Chapter 11 of the Bankruptcy Code allows financially troubled companies to seek protection from their creditors, reorganize their debts, and then, hopefully, to continue their business. Among other things, the Bankruptcy Code allows the bankruptcy trustee to “reject” any of the debtor’s “executory contracts” (those are contracts for which “performance remains due to some extent on both sides”). See 11 U.S.C. § 365.  The Bankruptcy Code specifically defines a “rejection” of a contract to be a breach of the contract, not an invalidation. In other words, the contract continues, only now just on the side of the non-bankrupt party. The rights and obligations of the other party under the contract continue, the other party becomes an unsecured creditor, and the debtor or bankruptcy estate may be liable to the other party for any damages caused by the breach, assuming there are any funds to pay them.
The licensor can not rescind in bankruptcy the trademark license it had previously granted. Specifically, the Supreme Court has held that rejection of a contract—any contract—in bankruptcy operates not as a rescission, but as a breach.  Because “breach” is not a “specialized bankruptcy term,” the traditional rule is that the injured party retains the rights it has received under the agreement.
This means that a licensee can continue to use the trademark under the terms of the license agreement, even if the licensor may have some issues in governing quality control because of cash flow issues in bankruptcy.

One set of terms that should be incorporated deal with ensuring that the trademark rights are maintained:

1) If the licensor becomes financially insolvent (or the trustee rejects the license), then the licensor should be required to provide a written commitment, within a given period of time (e.g., 60 days), to either continue maintaining quality control (including with other licensees, if any), or agree to assign the trademark (and any registrations) to the licensee.

2) With respect to renewal of registrations, a license might provide that if the licensor cannot commit to doing so, the licensor would appoint the licensee as its agent to file renewals with the Trademark Office and fees incurred deducted from any royalties due.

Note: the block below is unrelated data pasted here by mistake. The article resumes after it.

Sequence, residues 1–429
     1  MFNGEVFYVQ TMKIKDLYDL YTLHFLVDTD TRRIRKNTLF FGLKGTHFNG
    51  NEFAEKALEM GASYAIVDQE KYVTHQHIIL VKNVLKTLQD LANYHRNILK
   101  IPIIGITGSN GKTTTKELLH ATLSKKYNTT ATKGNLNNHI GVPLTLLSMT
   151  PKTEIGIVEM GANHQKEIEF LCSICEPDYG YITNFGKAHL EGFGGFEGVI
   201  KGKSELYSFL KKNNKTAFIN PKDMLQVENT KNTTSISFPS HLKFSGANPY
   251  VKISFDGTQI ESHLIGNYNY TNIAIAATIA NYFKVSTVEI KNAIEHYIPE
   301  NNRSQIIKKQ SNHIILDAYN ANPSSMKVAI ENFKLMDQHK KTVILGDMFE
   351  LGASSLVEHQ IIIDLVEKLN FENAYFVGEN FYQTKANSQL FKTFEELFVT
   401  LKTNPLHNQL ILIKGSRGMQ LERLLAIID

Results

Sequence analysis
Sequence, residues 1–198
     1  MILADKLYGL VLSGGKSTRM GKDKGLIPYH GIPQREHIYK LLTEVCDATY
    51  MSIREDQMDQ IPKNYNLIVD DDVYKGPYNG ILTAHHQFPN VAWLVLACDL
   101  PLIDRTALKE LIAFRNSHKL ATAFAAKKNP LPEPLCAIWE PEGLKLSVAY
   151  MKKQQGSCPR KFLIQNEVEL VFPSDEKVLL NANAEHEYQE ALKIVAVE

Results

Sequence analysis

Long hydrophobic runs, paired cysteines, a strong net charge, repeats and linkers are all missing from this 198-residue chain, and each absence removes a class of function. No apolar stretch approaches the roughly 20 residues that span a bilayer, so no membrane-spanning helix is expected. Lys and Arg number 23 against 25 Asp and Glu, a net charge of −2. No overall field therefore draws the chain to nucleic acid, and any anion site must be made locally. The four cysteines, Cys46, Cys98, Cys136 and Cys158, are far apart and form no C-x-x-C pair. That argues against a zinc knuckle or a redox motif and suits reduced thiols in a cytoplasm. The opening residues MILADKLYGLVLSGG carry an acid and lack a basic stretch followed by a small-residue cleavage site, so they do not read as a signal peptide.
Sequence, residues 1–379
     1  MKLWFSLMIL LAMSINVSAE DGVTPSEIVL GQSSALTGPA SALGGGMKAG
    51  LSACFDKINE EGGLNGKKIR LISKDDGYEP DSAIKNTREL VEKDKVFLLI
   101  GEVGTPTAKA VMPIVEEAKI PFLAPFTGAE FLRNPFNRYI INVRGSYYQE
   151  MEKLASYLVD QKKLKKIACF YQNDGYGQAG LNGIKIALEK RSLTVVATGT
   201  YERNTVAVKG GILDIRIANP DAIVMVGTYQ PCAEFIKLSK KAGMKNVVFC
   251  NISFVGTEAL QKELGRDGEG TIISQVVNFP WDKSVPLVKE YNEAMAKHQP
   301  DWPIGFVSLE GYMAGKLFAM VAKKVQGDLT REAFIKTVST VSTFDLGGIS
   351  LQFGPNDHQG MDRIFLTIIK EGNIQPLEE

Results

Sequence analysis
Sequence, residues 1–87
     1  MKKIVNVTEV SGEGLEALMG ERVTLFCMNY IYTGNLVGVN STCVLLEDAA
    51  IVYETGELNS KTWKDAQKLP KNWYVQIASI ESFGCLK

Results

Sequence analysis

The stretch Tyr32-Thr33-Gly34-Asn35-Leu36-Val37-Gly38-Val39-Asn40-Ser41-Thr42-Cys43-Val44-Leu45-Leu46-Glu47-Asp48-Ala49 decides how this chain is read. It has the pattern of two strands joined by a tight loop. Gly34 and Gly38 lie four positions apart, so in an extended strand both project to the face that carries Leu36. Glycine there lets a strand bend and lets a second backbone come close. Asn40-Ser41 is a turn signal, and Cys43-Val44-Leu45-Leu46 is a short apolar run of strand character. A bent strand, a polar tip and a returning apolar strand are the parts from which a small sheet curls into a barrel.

What if the licensee seeks bankruptcy protection, and then the trustee rejects the contract?

The key part of the Bankruptcy Code is that a rejection is merely a breach, not a rescission, of the contract, and hence the contract and contractual rights remain.

The licensee could continue using the trademark and avoid either cooperating in quality control efforts or paying royalties. This would create an untenable situation where not only is the licensed trademark in jeopardy (from lack of quality control and loss of federal registration), but the licensee may avoid paying royalties.

This situation can also be dealt with by terms in the license:
If the licensee becomes financial insolvent (or the trustee rejects the license), then either the licensor has the option to terminate the license, or the licensee must provide a written commitment within a given period of time (e.g., 60 days) to continue to cooperate in quality control and pay royalties. The failure by the licensee to provide the written commitment (or the failure by the licensee to actually follow through with the quality-control and payment-of-royalties commitments) would be a breach that would terminate the license.

The U.S. Patent & Trademark Office may only decide issues of registratbility.  In other words, it only has the last word as to whether a trademark owner’s mark should be registered on the Federal Register.  The U.S. Patent & Trademark Office has no jurisdiction over common law use.  If you wish to bring an opposition or cancellation proceeding in the Trademark Trial and Appeal Board (the TTAB is the federal administrative court of the USPTO) and that proceeding ultimately settles, be sure to write in issues of use into the settlement agreement.  If your concern is solely over use of the mark, you’ll need to institute a proceeding in the Federal courts, as the USPTO does not decide issues of use.